[cnn-photo-caption image=http://i2.cdn.turner.com/cnn/2009/POLITICS/03/05/california.same.sex/art.rally.gi.jpg caption="Angel D. Hernandez and Johnny Foam join a same-sex marriage rally Wednesday in Los Angeles, California.
John Schwartz and Liz Robbins
The New York Times
For more than three hours on Thursday, California Supreme Court justices aggressively challenged lawyers who sought to overturn an initiative banning same-sex marriage that was passed by voters last November.
As the hearing progressed, hundreds of supporters and opponents of the initiative, Proposition 8, gathered on the steps of the courthouse here bearing signs, banners and a sense of tense anticipation.
“We knew we had to be here to see it with our own eyes,” said Katherine Stoner, 61, who had traveled from Monterey, Calif., with her partner of 34 years, Michelle Welsh.
Bumped into Brad Pitt on Thursday. Which was nice.
We've got the video to prove it. If you think it doesn't really look like your typical celebrity picture, here's what was going on: Joe Johns, photographer Jeremy Moorhead, and I, were prowling the tunnels of the Capitol's underground subway system, accosting Senators and Members of Congress to ask them about health care (that'll be our story on the show tonight). While Joe and I were mumbling about where to go next, the ever-vigilant Jeremy spotted Brad Pitt coming towards us, flipped on the camera and got the shot.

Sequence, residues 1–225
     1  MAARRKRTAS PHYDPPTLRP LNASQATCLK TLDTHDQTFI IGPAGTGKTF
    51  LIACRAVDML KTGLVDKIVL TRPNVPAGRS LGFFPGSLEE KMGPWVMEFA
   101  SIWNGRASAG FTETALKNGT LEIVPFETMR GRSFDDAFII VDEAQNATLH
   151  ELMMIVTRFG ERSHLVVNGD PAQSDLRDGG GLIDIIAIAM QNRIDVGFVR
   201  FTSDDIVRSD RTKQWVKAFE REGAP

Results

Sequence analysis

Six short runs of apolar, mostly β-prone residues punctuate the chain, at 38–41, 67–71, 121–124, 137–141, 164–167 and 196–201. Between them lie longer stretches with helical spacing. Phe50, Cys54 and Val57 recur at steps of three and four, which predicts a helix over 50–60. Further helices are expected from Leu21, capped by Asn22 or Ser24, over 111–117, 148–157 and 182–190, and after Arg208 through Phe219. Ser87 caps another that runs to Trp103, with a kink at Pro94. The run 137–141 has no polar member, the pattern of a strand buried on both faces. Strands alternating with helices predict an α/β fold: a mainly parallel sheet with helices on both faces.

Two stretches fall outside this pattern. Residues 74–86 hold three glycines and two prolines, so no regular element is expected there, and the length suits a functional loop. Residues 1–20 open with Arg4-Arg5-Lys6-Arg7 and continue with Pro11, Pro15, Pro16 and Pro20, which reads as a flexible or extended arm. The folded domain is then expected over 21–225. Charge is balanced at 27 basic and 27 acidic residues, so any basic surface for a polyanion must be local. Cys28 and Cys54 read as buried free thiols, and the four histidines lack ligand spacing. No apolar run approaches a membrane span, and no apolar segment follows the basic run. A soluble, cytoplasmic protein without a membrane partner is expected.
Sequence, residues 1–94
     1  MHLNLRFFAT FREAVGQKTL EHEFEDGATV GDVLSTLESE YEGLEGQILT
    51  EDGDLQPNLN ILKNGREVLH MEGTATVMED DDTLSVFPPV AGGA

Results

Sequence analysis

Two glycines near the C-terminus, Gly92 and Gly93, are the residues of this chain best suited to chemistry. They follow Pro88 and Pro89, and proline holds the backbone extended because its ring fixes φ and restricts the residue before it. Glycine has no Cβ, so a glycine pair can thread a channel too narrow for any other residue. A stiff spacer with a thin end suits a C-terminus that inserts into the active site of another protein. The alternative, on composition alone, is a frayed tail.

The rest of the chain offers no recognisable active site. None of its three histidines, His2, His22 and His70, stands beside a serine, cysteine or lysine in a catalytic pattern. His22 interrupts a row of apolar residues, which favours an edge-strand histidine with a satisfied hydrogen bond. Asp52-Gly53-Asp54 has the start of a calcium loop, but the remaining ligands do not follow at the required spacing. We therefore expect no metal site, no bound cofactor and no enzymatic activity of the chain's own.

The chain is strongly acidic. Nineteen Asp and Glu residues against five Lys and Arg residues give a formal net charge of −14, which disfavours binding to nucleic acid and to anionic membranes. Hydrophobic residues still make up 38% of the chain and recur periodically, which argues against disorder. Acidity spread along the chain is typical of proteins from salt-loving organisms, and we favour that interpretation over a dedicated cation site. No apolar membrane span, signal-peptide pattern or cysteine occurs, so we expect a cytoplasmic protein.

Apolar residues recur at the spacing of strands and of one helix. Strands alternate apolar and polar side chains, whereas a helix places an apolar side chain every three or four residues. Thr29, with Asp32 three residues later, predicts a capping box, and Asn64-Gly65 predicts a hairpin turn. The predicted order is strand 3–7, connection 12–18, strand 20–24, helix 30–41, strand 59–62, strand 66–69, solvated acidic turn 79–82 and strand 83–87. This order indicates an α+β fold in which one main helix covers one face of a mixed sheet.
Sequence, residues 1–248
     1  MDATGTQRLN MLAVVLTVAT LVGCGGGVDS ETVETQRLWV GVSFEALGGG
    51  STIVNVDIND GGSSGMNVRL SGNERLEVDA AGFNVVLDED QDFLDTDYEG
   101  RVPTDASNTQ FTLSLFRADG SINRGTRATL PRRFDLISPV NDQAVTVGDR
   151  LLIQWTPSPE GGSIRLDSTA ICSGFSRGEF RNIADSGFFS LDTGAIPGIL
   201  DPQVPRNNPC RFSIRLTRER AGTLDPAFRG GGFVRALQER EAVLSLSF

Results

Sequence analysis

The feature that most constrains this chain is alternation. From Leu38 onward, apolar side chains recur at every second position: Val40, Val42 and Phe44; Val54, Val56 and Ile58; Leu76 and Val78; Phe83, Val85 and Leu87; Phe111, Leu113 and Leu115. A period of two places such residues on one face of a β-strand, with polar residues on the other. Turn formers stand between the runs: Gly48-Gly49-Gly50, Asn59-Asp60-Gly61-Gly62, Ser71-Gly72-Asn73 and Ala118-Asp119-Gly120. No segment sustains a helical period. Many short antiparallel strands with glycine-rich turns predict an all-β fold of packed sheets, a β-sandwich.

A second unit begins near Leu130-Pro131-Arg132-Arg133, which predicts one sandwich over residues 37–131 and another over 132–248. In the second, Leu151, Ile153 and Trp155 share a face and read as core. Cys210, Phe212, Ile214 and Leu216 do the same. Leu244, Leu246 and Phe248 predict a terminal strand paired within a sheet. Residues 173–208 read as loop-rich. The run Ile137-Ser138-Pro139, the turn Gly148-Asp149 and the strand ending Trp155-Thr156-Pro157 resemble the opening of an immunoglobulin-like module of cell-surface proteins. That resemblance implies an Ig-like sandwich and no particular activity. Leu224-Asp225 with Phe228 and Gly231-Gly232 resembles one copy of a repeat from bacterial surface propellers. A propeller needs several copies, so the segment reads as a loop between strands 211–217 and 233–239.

Some people tell stories about meeting famous people and blurting out something really dumb... not Joe. Completely focused on our mission, Joe called out, "Wanna talk about health care?"
Yeah... As you can see, it didn't really work. Brad - and his security entourage - were gone. And then a throng of determined-looking admirers (congressional interns??) came out of nowhere, chasing him. The Capitol police cut them off in the tunnel.
CNN's Abbie Boudreau reports on the shoddy electrical work performed by the Halliburton subsidiary, KBR, in Afghanistan. The faulty wiring has lead or contributed to the deaths of as many as 18 US military personnel. The Pentagon has ruled one death as a possible negligent homicide, but still KBR remains on the job, and now is wiring bases in Afghanistan with faulty electrical systems.
[cnn-photo-caption image=http://i2.cdn.turner.com/cnn/2009/SHOWBIZ/Music/03/05/chris.brown.charged/art.rihanna.brown.gi.jpg]Dr. Gail Saltz
The police report of what transpired between Chris Brown and Rihanna was just released and the attack was far more vicious, violent and disturbing than anyone imagined. The explosion is said to have started over a text from an ex-girlfriend that she read on his phone.
Jealousy and domination often play a role in domestic abuse. In fact jealousy has been at the root of many crimes of passion, including murder. Details in a criminal complaint released by authorities today indicate this was not a sudden seconds-long lashing out, this was a continued and escalating attack complete with verbal threats that it was only going to get worse. When she tried to call for help, the threat allegedly turned to murder.
Weeks later, they are back together. Why? Why would a highly successful woman in her own right go back to a man who had so brutalized and terrorized her?
The truth is that this is really quite typical for the pattern of abuse. One partner (and the abuser can be a woman) maintains power over the other by isolating them, hurting them emotionally and physically, belittling them and convincing them that the abuser is the center of their world and the only one who will love them. The victim loses self esteem and feels emotionally dependent on their abuser.